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4th Amendment Protects Unauthorized Driver of Rental Car

On May 14, 2018, the United States Supreme Court unanimously held that the 4th Amendment right against unreasonable searches and seizures protects the driver of a rental car, even if the driver was not listed as an authorized driver on the rental agreement. United States v Byrd, Slip opinion, No. 16-1371 (U.S. 5/14/2018).

FACTS OF THE CASE

Pennsylvania state troopers pulled over driver, who was the sole occupant of the vehicle, for what they deemed to be suspicious behavior while driving. The driver was visibly nervous. Record checks showed him to have prior convictions for weapons and drug charges, as well as an outstanding warrant (but the warrant jurisdiction informed the troopers they would not extradite). The troopers told driver that because he was not listed on the rental agreement, they did not need his consent or a warrant to search the car. They found body armor and 49 bricks of heroin.

COURT'S HOLDING

“The Court now holds that, as a general rule, someone in otherwise lawful possession and control of a rental car has a reasonable expectation of privacy in it even if the rental agreement does not list him or her as an authorized driver.” The Court reaffirmed that interpretation of the 4th Amendment is guided both by common law property rights, and by the reasonable expectation of privacy test.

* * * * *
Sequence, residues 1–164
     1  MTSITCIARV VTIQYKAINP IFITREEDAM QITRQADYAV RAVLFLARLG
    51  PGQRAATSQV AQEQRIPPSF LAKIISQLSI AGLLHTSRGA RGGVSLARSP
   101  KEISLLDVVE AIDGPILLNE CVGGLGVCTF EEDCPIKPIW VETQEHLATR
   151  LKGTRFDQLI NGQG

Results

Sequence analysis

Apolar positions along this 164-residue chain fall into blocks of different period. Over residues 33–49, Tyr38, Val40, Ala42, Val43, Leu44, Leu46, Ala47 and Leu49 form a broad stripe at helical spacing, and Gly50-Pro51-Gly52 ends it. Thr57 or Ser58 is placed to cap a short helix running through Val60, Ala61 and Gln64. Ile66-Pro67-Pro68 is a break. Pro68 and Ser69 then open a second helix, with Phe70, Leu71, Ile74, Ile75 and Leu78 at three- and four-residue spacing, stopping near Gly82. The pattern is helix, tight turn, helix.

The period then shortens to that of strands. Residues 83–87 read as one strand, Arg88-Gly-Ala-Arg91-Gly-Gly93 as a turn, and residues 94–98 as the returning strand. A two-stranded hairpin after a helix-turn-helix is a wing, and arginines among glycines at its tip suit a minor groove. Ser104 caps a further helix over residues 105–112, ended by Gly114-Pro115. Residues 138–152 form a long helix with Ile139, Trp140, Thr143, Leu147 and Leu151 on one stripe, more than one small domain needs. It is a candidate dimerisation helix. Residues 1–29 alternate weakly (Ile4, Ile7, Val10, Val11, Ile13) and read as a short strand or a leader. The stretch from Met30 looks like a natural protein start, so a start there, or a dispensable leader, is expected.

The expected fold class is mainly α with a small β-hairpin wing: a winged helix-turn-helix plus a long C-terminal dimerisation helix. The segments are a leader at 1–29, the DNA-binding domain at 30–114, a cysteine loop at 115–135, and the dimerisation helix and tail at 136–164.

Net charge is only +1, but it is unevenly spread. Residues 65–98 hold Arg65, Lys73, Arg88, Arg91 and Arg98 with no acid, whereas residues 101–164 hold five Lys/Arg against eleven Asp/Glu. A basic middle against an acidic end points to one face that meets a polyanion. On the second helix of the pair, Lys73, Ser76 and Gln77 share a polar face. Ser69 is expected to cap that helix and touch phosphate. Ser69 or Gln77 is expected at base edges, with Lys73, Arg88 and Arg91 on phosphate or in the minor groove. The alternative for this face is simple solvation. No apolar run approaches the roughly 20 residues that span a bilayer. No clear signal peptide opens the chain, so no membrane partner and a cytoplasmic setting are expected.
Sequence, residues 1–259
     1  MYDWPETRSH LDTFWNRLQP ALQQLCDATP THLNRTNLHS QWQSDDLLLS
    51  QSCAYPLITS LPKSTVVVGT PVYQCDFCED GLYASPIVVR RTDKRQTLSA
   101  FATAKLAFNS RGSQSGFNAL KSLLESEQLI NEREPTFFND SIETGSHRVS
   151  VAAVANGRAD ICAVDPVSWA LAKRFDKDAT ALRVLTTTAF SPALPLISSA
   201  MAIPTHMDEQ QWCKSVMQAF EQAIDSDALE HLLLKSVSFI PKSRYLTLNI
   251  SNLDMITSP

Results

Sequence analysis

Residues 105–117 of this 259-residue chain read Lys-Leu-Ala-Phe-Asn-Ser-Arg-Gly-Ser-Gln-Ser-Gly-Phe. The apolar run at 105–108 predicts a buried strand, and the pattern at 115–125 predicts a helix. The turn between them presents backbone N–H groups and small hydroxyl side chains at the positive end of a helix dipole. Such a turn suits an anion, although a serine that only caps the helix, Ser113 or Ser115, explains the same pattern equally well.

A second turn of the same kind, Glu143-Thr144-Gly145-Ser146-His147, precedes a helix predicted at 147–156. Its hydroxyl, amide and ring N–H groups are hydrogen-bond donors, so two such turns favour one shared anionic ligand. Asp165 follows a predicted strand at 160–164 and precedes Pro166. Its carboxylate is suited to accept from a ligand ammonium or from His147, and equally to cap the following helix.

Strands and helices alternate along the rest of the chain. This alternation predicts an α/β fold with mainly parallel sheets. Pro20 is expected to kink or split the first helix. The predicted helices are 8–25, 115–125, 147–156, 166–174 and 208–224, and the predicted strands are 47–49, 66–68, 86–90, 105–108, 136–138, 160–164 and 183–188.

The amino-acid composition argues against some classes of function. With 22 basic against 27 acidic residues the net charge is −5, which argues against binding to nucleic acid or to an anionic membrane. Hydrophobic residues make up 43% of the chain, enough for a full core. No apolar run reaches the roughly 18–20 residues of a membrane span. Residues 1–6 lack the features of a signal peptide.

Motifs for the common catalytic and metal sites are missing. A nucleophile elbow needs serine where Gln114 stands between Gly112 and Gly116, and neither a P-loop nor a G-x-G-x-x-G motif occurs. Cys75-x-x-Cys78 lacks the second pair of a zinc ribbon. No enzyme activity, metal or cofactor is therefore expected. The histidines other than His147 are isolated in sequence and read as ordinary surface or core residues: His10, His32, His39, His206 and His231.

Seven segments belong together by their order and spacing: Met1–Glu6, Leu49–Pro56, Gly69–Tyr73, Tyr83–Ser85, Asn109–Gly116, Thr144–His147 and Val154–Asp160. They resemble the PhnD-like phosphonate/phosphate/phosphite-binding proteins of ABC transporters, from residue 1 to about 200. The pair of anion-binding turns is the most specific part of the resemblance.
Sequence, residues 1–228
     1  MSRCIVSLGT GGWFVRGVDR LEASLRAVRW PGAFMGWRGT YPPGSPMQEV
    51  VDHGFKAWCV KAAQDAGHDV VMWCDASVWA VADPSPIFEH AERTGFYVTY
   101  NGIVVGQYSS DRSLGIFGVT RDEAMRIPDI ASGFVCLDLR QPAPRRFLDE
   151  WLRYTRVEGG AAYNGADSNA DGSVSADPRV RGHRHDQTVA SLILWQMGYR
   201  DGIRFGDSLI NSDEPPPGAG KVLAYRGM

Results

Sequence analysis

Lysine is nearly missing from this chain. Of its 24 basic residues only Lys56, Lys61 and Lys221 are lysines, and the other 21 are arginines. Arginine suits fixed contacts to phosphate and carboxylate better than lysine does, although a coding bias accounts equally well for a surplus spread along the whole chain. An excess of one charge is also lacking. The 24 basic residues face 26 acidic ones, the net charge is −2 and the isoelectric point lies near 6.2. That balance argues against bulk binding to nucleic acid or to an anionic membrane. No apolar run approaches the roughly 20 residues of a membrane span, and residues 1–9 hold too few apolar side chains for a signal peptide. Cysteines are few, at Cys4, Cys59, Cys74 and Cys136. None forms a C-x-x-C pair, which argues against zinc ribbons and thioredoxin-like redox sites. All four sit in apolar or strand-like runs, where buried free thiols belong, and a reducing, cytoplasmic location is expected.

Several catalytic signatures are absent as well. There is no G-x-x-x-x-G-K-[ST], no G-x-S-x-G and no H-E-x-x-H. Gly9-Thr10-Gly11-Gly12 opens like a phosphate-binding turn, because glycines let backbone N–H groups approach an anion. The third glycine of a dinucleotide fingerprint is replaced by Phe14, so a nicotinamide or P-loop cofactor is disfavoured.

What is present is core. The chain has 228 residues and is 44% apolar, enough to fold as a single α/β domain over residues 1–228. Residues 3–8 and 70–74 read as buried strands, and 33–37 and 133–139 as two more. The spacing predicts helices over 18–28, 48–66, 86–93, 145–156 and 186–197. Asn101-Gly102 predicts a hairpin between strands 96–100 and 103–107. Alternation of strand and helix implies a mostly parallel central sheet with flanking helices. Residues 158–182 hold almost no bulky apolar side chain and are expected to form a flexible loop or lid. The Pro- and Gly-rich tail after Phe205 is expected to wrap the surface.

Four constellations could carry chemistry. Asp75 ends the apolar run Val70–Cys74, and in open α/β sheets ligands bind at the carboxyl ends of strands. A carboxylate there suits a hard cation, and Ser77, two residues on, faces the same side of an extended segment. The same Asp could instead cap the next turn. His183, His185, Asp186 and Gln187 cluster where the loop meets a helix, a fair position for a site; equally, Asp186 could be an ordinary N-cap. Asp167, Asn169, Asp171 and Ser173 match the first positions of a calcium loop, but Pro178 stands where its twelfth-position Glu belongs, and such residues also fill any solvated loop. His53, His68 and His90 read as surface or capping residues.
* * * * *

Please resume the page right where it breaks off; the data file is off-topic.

CONCURRING OPINION

Justice Gorsuch, the first justice appointed to the United States Supreme Court by President Trump, joined Justice Thomas in a concurring opinion that questioned whether we should even have a reasonable expectation of privacy test. The reasonable expectation of privacy test protects the right of privacy of people in certain situations, even if they are not the true owner of the property entered, seized or searched. For example, the police cannot spy on a person by wiretapping a telephone booth without a warrant, even though the person does not own the telephone booth or the telephone inside the booth. Justices Gorsuch and Thomas, holding true to their judicial philosophies, would only protect property owners from the awesome power of the United States government.

Read United States v. Byrd.

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